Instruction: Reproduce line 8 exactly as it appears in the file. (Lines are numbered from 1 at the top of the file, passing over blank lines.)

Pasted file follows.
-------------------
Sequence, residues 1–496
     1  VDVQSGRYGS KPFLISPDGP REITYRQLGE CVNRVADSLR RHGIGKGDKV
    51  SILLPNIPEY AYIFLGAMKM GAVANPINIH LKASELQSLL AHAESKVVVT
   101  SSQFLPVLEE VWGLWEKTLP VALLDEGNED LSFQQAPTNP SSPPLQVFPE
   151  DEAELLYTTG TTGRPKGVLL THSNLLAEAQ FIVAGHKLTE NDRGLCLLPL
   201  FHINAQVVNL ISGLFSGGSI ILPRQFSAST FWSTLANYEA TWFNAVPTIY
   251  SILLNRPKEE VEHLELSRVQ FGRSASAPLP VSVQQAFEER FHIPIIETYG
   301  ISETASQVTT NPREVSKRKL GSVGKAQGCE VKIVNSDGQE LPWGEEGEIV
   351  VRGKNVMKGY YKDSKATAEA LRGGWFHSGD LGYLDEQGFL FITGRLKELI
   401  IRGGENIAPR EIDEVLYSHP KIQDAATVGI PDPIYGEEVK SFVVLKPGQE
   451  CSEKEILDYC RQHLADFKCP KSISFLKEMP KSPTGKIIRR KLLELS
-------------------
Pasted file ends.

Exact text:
   301  ISETASQVTT NPREVSKRKL GSVGKAQGCE VKIVNSDGQE LPWGEEGEIV